Sunday, June 14, 2009

Bolting the inner skins to the aluminum frame

Today I worked on attaching the inner skins to the frame.

After seeing how another builder had done it, I thought I would try. I like the idea of being able to remove the skins at anytime. My previous set of skins are glued together using 3M #77. They didn't glue together perfectly aligned, which has always been a sore spot for me.

I also wanted to make sure that I can removed the skins with the legs on. My previous set attached above and below the shoulder, so unless the legs are off, I can not remove them.

So after giving this little project some thought all week, I printed off a photo of what another builder had done....and Jerry's tutorial on attaching the skins for good measure.

I pondered several ways to line up where I wanted to drill the holes. The best method seemed to be to use a pencil behind the skins and mark the top and bottom of where the skins met the 1/4" inch frame plates.

Since we are dealing with some small tolerances, I couldn't take any chances with the drill bit wandering when I drilled the hole. I used a center punch to notch (dent) the site of the hole.

I then used a 1/8th inch drill bit to drill through the skins. I placed the skins on a thick piece of plywood for this. Some of the holes may require some filing to smooth out.

The moment of truth...clamping the skins back into place and seeing if they line up with frame plates! They do! The ones near the top came out OK. This one in the photo is good, while the other hole near the top was a smidge too high.

Using a 3/32 drill bit, I drilled through the skin holes and into the frame rings.
( HINDSIGHT THOUGHT...I wish I had used a few more clamps for stability. I have one hole that is a little off, the vibration of drilling moved the skins slightly. As a result, I will have to stretch one hole a little to line up with the frame hole.)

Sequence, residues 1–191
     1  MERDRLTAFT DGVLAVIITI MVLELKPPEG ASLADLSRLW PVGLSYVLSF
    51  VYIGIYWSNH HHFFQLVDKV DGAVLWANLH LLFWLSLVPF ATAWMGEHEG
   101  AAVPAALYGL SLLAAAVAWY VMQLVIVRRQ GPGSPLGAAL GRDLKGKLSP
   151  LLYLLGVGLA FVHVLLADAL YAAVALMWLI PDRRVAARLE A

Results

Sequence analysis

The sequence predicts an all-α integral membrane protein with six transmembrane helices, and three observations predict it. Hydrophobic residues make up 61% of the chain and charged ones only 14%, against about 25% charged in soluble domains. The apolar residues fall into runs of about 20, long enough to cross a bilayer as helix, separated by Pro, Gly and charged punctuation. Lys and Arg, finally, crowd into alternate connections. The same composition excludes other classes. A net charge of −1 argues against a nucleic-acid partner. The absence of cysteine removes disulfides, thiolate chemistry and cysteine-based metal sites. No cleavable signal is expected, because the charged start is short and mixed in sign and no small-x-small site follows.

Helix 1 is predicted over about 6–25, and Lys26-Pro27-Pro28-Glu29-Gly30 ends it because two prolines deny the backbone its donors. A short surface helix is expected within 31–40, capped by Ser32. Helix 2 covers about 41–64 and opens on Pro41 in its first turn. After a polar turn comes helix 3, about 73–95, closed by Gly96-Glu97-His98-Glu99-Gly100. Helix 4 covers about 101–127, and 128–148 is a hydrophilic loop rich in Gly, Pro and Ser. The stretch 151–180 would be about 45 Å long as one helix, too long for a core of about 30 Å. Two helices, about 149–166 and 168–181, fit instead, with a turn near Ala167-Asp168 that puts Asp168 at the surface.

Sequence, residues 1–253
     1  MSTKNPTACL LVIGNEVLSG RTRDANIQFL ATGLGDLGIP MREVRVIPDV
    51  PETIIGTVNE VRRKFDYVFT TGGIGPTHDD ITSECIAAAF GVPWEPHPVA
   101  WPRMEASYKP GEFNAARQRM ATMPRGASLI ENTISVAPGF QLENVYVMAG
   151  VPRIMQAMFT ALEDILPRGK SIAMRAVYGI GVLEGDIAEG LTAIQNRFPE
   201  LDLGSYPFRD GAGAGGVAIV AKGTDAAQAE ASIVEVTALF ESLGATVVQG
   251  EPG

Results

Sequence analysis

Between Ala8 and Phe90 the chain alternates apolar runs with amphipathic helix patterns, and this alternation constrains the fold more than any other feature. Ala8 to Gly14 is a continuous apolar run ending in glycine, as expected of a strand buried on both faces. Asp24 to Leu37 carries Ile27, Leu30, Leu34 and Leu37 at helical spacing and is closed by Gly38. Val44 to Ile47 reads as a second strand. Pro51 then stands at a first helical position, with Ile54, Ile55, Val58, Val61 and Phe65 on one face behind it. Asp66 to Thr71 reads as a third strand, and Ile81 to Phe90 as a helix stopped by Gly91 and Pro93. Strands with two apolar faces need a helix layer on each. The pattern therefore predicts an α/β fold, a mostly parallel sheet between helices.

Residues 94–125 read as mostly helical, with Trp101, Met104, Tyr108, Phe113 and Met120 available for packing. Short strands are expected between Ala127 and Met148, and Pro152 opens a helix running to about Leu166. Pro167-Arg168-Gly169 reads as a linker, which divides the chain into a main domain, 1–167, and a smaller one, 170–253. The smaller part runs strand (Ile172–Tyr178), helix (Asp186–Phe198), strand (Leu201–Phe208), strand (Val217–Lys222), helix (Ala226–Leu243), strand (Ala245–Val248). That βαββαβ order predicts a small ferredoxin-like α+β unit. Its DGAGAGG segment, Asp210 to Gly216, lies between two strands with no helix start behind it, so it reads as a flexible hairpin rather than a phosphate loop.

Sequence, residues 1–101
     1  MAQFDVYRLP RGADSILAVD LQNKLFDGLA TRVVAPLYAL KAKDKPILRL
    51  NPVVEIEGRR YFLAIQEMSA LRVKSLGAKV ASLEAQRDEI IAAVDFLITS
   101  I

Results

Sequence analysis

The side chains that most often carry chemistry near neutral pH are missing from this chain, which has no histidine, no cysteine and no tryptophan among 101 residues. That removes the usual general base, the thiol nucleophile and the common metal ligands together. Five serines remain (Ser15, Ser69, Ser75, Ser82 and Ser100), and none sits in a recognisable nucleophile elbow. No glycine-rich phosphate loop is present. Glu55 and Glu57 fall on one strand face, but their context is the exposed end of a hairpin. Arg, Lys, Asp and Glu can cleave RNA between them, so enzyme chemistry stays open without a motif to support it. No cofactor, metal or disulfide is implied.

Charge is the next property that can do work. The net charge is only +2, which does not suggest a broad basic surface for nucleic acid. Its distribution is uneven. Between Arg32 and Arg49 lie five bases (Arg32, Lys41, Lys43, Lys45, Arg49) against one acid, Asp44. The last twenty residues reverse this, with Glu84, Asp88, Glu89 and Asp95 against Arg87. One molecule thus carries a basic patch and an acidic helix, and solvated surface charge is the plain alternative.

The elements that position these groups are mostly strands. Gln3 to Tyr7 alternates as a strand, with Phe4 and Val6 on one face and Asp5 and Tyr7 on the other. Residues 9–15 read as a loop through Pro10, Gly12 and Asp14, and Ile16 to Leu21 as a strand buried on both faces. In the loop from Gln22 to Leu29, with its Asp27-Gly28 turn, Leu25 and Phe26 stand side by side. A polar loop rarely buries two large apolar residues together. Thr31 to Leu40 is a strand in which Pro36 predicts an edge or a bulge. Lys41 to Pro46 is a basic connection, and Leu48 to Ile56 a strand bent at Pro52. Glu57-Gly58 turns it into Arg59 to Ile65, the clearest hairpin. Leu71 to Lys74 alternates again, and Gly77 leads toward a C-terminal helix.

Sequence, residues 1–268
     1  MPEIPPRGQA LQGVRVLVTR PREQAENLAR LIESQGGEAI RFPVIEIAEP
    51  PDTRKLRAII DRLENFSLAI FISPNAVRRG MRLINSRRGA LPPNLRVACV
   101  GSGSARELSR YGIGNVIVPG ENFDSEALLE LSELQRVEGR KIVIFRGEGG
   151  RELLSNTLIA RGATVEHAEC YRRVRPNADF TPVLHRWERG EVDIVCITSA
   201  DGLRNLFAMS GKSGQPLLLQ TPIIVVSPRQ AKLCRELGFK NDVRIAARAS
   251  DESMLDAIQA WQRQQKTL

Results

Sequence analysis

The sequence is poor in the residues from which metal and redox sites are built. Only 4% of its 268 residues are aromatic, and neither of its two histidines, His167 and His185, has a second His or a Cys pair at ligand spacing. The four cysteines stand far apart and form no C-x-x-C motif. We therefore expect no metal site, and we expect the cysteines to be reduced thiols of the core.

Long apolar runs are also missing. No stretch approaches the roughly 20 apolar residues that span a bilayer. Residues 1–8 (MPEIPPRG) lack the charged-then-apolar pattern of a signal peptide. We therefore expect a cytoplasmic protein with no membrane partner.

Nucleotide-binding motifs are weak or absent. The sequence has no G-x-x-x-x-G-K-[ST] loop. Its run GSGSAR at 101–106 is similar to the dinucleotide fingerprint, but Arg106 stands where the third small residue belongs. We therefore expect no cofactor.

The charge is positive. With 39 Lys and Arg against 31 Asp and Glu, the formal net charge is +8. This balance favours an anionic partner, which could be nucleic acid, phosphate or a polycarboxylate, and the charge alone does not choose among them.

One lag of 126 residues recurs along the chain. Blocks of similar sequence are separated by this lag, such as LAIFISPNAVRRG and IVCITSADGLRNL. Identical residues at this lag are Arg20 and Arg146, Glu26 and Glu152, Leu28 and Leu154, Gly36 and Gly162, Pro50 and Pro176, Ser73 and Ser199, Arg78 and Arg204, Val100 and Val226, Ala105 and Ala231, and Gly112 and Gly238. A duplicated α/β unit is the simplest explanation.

Once the holes were drilled, it was time to tap the holes. Using a 4-40 tap and some liquid soap, it was time to SLOWLY create the threading. I would turn until it got snug, go back a half turn, then slowly advance another. I removed the tap, cleaned the debris off the bit, re-applied some dish soap to the tip, then continued. Do not hurry this step at all!

After wiping down the debris and using a can of compressed air, the threaded hole is done.

Now it is time to countersink the skin holes so that the screws sit flush inside the skins. This way the outer skins will fit on top smoothly.

The countersink bit will take some tweaking to get each hole just right. Just take your time, stop frequently to check if the screw head is flush or needs more work.

Below are the 4-40 screws I used for mounting the skins.

After all that work, here's the result we are looking for...

And here is the end result. I have two holes on the top of the skins on each side of the shoulders. One on each corner near the bottom edge and two in the middle area to keep the skins snug against the body.
Is it pefect? Of course and any skilled builder can point out I'm off a bit here or there. But is it functional? Yes. I've saved myself a day of dealing with adhesives on a large surface like the skins. (Last time, I had several days of super gluing spots that didn't adhere well)
Next up....the outer skins, once they are dry from painting!